I did write to Woocommerce and they are WELL aware that people are using this plugin without being PCI Compliant. Guess they just want to sell as many plugins as possible and have no interest in informing people about the danger of not being PCI compliant.

    They said they are planning to sort it with the “hosted PayPal Pro” solution but they do not have any idea when they will have time to sort it.

  5. I have a question regarding the comparison chart for Autorize.net plugin…

    According to this article, https://wordpress.org/plugins/authorizenet-payment-gateway-for-woocommerce/, the authorize.net plugin for WooCommerce is no SSL required.

    Is your chart correct or the article?

    1. Hi there, this article only addresses the official WooCommerce integrations available at WooThemes.com, so I’m not sure how that plugin works.

  6. Hi Beka,

    Would you say it’s necessary to have SSL enabled regardless of which payment gateway is being used?

    1. Hey Ryan, great question! While some of these, such as PayPal Advanced, don’t require an SSL, it never hurts to have. Users are used to seeing this while logging into accounts, so if they create a customer account on your site, they may not be as comfortable storing personal information if they know that it’s sent in plain text to your server. We use SSLs on almost all of our sites for this reason alone to protect our own login information. SSL certs also build trust with users, as even though they’re redirected for checkout, they want to know that the entire process is secure, including the address / personal information they enter on your WooCommerce page. Many have been trained to look for the “lock icon” when visiting any site that accepts payments, and they’ll see your site this way even if it doesn’t directly gather payment information.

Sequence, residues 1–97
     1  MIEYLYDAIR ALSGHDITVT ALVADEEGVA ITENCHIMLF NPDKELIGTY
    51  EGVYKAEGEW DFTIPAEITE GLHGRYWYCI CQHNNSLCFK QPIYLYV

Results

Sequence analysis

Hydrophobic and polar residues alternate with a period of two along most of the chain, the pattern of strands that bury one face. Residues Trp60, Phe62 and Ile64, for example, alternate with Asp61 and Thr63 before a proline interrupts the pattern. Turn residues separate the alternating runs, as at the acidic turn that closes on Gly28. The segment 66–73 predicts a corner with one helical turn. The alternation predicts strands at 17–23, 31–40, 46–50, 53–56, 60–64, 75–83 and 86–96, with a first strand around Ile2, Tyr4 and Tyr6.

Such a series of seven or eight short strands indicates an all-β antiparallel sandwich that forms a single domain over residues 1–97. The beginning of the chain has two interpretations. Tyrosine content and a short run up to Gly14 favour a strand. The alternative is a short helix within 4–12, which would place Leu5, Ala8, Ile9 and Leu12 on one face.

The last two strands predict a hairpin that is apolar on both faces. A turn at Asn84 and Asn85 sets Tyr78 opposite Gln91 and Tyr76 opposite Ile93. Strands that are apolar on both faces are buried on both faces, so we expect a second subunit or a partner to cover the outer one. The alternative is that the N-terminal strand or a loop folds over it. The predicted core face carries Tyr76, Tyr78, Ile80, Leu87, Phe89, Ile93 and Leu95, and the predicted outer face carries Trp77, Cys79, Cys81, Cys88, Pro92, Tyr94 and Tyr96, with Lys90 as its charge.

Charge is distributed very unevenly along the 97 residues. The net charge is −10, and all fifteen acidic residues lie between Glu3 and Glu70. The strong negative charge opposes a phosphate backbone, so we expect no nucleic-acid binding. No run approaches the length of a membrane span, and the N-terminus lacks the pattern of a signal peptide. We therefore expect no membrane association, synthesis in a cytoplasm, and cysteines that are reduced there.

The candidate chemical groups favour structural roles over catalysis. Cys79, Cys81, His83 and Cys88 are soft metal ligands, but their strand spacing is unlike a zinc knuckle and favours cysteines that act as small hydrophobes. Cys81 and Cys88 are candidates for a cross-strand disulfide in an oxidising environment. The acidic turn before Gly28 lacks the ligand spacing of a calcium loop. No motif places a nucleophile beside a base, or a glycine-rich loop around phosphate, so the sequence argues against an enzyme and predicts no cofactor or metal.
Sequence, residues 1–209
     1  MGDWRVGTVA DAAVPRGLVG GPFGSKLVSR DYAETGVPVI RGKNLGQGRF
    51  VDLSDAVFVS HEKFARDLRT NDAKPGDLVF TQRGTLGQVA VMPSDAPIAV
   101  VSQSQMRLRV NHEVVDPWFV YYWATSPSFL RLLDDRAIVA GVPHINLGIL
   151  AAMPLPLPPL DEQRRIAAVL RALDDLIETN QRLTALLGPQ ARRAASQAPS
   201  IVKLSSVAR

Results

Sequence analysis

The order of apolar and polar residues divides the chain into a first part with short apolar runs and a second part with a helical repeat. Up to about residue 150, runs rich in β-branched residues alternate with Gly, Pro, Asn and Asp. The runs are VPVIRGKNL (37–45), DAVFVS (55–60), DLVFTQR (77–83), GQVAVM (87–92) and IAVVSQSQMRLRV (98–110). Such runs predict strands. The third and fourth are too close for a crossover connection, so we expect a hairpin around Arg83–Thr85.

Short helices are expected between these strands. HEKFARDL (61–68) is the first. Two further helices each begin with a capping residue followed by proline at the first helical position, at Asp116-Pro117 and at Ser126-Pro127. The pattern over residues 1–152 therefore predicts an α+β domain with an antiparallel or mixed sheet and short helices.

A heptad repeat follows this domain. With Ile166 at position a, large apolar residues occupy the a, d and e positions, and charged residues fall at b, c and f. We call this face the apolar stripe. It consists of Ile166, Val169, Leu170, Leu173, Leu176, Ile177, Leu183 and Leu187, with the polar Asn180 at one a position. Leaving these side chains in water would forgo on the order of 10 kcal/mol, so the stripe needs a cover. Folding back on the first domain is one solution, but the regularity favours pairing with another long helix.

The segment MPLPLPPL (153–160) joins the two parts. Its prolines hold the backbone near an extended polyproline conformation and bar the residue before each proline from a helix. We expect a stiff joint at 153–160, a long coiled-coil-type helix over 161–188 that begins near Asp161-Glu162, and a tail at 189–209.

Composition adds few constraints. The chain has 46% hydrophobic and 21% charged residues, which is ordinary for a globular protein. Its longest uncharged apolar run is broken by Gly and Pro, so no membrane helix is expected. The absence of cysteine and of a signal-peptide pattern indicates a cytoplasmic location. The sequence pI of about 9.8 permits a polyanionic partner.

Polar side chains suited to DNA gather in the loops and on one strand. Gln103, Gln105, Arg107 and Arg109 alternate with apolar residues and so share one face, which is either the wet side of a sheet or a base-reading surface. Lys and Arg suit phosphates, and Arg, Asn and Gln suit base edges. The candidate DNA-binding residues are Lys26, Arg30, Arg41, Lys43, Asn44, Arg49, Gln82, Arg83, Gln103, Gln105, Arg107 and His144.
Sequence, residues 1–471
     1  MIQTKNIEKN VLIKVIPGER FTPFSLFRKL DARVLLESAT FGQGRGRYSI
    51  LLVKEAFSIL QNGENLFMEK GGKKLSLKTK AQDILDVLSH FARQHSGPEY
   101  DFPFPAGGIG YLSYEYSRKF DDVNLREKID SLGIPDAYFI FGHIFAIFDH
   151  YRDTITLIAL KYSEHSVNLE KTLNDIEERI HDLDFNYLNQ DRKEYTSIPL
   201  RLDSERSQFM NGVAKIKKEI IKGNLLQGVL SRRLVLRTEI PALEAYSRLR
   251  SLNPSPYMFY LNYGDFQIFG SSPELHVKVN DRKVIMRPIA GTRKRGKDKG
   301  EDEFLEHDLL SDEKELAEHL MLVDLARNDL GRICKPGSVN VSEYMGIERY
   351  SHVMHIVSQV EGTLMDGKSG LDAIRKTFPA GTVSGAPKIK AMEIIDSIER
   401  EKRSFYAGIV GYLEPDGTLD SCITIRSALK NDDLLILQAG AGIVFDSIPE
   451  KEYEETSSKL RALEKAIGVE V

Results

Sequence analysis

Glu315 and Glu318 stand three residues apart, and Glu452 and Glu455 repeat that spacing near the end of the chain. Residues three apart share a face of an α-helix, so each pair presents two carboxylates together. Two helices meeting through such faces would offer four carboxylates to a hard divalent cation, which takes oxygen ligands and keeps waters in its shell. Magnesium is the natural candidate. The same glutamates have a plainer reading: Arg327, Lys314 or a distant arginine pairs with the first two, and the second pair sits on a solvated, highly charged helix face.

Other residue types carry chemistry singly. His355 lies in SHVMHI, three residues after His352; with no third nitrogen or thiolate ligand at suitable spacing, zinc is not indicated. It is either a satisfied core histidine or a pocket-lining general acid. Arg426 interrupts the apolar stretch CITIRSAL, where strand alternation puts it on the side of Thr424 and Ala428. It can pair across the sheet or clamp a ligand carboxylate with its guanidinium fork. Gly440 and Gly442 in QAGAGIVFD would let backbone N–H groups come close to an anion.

So short answer: yes, for me, I treat them as necessary 🙂 .

      We have some more detail about SSL certs here if you’re interested!

  7. You should check out Knox Payments – let’s you take payments with WooCommerce for just $0.18 per payment whereas Paypal is 3% $0.30

  8. My people don’t understand PCI. Woocommerce is not PCI-DSS compliant. In fact, there are now less than 20 shopping carts in the world compliant for PCI-DSS. You should look at SalesCart, as it is the first shopping cart in the world that is out-of-scope for PCI-DSS and it will work with WordPress. It is free for less 10 products at which point you probably aren’t ready for credit card acceptance anyway and at $35/month includes the cart, credit card acceptance, gateway, and no other PCI fees. At that price, the shopping cart is still essentially free because getting credit card acceptance to below $35 with Gateway and PCI is nearly impossible.

    If your cart/online store is not compliant and is also in scope for PCI-DSS, then your website, webserver, blogging software, webhosting, network and your entire business is OUT of COMPLIANCE for PCI. Period. The End!

    1. Hey Michael, PCI compliance is definitely a murky subject, especially since there are several levels of ‘compliance’. Neither WooCommerce or WordPress itself is PCI compliant, which is why the only gateways listed as compliant are those that host the payment off-site either via a redirect or iframed, hosted checkout form, or those like Stripe and Braintree that can tokenize payment information before it even hits your server. This way, your servers don’t have to come into play, as most webhosting servers are not PCI compliant, and your website doesn’t necessarily need to be compliant because you’re accepting payments via a compliant site and not your own (or using a tokenization method in the case of Stripe or Braintree).

      As such, I wouldn’t say that the WordPress eCommerce plugins, including WooCommerce, are not compliant. Rather, they’re only PCI compliant if you use certain payment gateway methods to avoid these regulations.

  9. You are awesome Beka answering these questions and providing a lot of useful information! Thanks